- Creative: With an eye toward consistency across all digital channels, we found success taking what we know works incredibly well over other channels like email and advertising, and translating it to SMS. Sandy Hook Promise’s content thrives on the power of voice, on the honesty of emotional language to communicate difficult subject matter, and on messages signed by familiar leaders within the organization. For Sandy Hook Promise, we found that all three of these creative approaches translate well to SMS. To put this into practice, we quickly worked SMS into Sandy Hook Promise’s existing messaging cadence alongside email and ads, to serve a similar mix of advocacy and action messages, rapid response messaging, and big fundraising campaigns throughout the year. And, given the immediacy of texting, we found the channel quickly became a central avenue for rapid response messaging in the aftermath of new tragedies from gun violence. Our teams could get messaging out to supporters more quickly and engage with supporters right away to drive strong and immediate response.
Within the first year of launching SMS, Sandy Hook Promise saw incredible growth in subscribers and revenue, and found an audience willing to donate and take action at higher rates than their existing email lists. And the program has only continued to grow:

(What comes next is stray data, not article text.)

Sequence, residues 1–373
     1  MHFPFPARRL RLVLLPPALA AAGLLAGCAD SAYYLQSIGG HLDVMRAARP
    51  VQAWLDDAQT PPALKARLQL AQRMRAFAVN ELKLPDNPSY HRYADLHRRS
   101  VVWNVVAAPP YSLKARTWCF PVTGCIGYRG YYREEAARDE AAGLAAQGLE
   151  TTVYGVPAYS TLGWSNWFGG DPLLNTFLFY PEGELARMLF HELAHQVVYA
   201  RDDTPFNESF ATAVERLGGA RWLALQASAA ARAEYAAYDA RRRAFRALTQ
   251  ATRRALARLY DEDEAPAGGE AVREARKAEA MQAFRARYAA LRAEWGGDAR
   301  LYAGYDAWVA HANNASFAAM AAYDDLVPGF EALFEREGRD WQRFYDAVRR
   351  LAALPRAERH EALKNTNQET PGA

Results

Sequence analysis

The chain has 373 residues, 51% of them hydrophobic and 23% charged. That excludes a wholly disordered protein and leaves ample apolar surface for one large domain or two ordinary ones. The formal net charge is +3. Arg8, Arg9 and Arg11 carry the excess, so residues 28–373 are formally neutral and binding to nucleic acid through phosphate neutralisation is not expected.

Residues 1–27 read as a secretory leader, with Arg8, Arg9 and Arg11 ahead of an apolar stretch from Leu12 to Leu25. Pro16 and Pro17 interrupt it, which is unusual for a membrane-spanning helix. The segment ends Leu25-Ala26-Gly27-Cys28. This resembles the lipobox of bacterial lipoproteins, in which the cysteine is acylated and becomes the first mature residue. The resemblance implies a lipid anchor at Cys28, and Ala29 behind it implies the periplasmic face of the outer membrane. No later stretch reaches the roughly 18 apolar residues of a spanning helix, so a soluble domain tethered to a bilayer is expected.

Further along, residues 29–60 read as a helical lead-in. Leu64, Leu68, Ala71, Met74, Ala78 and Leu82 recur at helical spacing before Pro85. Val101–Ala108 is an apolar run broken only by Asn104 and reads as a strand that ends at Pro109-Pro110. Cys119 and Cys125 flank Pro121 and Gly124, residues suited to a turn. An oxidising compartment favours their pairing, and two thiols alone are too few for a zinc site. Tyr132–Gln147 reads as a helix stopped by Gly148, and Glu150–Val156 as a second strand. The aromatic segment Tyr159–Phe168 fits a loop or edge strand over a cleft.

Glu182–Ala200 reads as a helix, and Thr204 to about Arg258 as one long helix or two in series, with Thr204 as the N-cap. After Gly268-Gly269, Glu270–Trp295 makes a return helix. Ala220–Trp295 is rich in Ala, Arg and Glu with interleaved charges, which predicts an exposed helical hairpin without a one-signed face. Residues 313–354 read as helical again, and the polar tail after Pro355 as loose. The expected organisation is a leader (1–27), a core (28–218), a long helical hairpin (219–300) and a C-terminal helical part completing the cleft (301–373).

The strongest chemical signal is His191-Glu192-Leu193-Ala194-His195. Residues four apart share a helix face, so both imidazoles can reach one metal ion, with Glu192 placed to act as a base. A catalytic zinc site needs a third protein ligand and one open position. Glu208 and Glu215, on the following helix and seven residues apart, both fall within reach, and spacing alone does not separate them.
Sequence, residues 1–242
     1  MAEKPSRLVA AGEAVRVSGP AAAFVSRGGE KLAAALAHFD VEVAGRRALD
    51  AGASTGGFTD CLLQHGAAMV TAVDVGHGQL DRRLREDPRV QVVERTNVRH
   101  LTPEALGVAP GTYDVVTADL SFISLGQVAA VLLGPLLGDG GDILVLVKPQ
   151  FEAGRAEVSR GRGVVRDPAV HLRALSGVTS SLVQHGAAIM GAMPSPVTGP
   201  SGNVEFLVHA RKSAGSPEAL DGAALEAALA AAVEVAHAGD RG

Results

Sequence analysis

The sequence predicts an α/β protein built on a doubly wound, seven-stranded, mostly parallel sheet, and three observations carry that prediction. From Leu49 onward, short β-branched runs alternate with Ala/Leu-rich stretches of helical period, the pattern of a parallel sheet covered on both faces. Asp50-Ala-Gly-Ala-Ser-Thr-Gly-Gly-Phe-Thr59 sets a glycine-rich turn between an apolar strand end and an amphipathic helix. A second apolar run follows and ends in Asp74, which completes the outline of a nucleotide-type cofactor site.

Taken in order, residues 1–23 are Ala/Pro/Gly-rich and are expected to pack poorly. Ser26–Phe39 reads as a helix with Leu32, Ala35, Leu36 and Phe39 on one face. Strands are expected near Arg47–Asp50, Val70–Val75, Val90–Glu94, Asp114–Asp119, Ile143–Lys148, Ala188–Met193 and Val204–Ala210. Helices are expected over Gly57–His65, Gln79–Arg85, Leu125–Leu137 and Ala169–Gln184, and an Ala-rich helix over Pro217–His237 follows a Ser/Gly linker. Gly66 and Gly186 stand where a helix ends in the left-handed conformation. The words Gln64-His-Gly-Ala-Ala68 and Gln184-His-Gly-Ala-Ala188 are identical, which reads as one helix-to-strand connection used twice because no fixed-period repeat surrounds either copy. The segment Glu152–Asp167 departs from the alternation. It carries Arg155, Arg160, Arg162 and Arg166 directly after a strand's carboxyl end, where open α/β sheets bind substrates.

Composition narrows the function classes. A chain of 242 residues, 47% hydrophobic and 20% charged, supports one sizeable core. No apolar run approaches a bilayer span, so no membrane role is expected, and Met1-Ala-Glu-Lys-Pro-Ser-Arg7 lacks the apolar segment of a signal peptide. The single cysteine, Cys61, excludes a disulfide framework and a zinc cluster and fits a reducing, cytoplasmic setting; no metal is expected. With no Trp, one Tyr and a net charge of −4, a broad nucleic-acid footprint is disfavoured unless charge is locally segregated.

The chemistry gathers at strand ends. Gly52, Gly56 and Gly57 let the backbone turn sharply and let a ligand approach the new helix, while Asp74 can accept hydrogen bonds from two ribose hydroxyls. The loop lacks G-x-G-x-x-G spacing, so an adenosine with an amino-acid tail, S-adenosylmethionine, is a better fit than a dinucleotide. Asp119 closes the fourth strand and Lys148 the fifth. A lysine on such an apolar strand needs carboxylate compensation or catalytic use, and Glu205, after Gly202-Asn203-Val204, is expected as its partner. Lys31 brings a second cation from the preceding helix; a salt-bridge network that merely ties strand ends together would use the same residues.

38% higher revenue
SMS consistently raises more revenue and drives more actions than email – with one text campaign driving 41% more revenue and 30% more actions than emails sent to eight times the recipients. SMS now accounts for 38% more revenue compared to email.
418% increased list size
in under three months.
$1 million raised
within one year.
In moments of rapid response, SMS has accounted for a major spike in fundraising revenue and driven massive advocacy pressure, culminating in the passage of the Bipartisan Safer Communities Act in 2022, the first major federal gun violence prevention law in nearly 30 years.
If the success of Sandy Hook Promise, alongside other partner organizations that have taken the plunge with us into SMS, has proved one thing, it’s this: SMS programs are rapidly becoming the most effective source of growth for fundraising and advocacy in the nonprofit world.
If you’re interested in learning more about how to launch an SMS program with your organization, please reach out! We’d love to get the conversation started. And for a more detailed look at SMS best practices, check out Level Up Your Texting Game for a Q&A with SMS expert Aneesh Gowri.